Receiving the Evcharist: Between the Buried and Me and Johnnie Walker

Receiving the Evcharist

Receiving the Evcharist is our weekly feature where we pair choice albums with our favorite libations.  Drink from the cup of heresy.  This week’s offering: Between the Buried and Me’s Automata I and Johnny Walker’s Double Black Blended Scotch Whisky.


The Metal: Between the Buried and Me’s Automata I

BTBAM - Automata I

Unpredictability has always been the calling card of North Carolina’s Between the Buried and Me.  Since the massive blast of “Selkies: The Endless Obsession” off 2005’s Alaska the band have taken their frenzied blend of progressive metal to more and more theatrical heights.  Automata I is the first half of a massive concept record (part II is tentatively slated for June) that finds the band back on heavier ground, although no less kinetic or ambitious in showing that you need not shy away from every and any influence, as long as you have the chops to back it up. And immediately on “Condemned to the Gallows” they do just that.  Tommy Giles Rogers at this point can do anything with his voice, and it’s put to full effect during the song’s rapid-fire shifts between full on tech-death and sprawling, epic rock.  The other major tracks on the album: “Millions” and the heavyweight “Blot” show the rest of the band not only living up to the ambition of the music, but pushing further than they ever have: quite a feat when you consider their heady discography.  At under 40 minutes it may feel a little light for a Between the Buried and Me release, but as only one half of a complete experience Automata I just whets my appetite for what’s to come.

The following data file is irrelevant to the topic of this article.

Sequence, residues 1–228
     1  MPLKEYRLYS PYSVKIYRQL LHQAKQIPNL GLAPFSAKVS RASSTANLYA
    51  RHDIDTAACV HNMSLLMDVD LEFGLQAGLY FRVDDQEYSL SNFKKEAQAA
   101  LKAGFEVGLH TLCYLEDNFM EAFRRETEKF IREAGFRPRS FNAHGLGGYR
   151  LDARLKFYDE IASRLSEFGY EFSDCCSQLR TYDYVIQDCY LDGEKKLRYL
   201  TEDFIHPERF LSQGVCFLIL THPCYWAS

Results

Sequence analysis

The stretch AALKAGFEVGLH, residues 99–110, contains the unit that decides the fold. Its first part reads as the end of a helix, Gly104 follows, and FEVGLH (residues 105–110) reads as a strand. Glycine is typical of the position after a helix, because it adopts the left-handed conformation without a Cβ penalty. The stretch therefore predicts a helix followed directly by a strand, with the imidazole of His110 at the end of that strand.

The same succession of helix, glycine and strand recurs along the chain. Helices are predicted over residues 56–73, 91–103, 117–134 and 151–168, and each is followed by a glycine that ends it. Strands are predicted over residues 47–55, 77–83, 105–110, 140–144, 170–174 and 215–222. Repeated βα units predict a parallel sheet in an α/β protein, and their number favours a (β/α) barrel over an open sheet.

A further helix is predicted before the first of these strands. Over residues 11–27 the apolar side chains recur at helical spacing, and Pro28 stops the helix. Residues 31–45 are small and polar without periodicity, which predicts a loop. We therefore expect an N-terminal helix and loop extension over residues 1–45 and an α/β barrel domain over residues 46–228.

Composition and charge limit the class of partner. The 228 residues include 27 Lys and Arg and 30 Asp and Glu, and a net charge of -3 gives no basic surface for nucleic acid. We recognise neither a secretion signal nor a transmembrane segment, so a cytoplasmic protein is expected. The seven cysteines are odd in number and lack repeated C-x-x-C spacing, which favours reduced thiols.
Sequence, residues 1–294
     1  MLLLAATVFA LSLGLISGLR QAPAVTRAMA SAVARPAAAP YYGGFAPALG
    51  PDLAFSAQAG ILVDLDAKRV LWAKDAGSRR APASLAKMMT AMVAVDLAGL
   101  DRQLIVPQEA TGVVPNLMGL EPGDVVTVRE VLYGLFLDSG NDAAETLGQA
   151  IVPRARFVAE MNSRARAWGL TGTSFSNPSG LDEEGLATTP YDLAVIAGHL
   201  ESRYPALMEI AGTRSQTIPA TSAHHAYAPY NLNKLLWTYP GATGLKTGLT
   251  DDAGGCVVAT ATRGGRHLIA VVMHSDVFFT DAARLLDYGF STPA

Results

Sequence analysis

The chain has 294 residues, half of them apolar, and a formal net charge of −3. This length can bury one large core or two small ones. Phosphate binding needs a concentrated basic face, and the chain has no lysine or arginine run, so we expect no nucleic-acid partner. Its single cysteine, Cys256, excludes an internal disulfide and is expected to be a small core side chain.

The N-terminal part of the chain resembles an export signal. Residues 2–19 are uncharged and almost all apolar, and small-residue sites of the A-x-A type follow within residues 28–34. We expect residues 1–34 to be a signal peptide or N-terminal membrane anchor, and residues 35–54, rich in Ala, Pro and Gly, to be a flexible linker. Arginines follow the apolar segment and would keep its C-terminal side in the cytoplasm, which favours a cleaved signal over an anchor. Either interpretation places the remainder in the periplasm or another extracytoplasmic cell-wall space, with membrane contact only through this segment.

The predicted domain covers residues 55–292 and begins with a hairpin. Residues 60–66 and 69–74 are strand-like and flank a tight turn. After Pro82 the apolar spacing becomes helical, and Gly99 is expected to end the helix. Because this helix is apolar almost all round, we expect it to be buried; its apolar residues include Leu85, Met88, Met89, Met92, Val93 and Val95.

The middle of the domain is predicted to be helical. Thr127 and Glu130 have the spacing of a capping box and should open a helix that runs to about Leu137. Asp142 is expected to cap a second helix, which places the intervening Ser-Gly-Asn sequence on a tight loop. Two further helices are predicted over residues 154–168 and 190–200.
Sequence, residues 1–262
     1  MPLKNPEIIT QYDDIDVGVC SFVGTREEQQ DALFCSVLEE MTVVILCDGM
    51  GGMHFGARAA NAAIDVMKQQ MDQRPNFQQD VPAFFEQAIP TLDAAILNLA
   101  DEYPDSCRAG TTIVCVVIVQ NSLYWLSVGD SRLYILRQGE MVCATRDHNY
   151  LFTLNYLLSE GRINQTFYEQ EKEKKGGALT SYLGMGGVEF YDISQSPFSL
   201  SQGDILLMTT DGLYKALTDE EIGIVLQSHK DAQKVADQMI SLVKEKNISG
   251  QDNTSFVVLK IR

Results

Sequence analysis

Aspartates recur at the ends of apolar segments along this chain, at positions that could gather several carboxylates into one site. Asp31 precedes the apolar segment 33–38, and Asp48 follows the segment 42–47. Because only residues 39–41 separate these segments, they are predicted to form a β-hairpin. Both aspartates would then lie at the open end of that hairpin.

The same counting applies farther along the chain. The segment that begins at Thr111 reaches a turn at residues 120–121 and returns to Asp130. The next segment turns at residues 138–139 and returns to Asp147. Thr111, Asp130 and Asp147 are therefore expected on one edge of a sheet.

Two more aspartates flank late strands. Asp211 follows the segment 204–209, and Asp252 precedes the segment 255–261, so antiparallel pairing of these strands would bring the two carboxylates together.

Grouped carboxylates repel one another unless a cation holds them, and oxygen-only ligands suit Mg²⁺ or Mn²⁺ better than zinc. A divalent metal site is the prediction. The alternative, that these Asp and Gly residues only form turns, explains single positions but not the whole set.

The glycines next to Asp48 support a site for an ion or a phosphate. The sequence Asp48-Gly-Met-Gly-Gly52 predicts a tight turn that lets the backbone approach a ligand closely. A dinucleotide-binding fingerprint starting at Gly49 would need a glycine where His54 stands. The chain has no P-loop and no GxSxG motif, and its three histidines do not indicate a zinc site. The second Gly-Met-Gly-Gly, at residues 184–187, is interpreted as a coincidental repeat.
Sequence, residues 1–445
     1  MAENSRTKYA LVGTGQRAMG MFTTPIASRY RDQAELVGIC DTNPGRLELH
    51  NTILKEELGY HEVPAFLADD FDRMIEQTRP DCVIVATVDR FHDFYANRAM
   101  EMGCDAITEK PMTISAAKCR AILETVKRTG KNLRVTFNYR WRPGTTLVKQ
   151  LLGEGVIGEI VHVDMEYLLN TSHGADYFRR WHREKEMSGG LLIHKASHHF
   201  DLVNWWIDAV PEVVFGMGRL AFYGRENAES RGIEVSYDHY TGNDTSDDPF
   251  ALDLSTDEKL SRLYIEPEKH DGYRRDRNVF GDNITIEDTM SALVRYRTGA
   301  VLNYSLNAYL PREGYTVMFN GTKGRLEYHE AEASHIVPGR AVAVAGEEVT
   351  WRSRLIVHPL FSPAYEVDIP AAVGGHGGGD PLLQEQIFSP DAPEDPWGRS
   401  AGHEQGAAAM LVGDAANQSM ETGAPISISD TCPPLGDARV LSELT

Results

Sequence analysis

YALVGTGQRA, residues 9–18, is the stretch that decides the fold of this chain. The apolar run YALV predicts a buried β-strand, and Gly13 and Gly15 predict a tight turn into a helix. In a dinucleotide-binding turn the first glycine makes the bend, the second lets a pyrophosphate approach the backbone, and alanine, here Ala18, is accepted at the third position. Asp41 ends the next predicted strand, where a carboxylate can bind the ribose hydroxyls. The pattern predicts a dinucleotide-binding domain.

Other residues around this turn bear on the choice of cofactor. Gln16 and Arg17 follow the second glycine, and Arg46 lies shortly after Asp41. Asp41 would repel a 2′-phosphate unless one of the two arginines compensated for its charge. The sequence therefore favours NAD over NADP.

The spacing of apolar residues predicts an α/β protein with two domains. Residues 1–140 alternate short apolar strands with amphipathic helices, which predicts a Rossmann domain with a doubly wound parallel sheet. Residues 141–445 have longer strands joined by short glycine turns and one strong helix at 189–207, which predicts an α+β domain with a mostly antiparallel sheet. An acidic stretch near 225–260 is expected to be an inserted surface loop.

The Booze: Johnnie Walker’s Double Black Blended Scotch Whisky

Johnnie-Walker-Double-Black-Label-Blended-Scotch

Speaking of things that are half of a beautiful whole, let’s talk about Johnnie Walker’s Double Black, which constitutes 1/2 of my current favorite cocktail: the classic and regal Rusty Nail (I’m old, sue me).  Featuring a smoky sweetness it sits a bit thicker than the regular black.  In the metal lexicon I would call this Blacker Than Black.  Ice in this instance helps bring out the mix of flavors, so those snobs who only insist on having their drinks “neat” can go sit in the corner and sulk in their turtlenecks while you enjoy the full effect.  Or, you can find your bifocals, grab some Drambuie and add an equal amount in with some ice and savor the sultry notes of my current favorite libation.


It’s Friday, and provided his liver’s up to it Vincent will be back next week to take you on a dark voyage through some of the best metal and drink pairings the Beelzebrewer can think of.  I’ll catch you in the metal ether talking about whatever hits my ears.  Until then:

Cheers, and be good to each other,

– Chris

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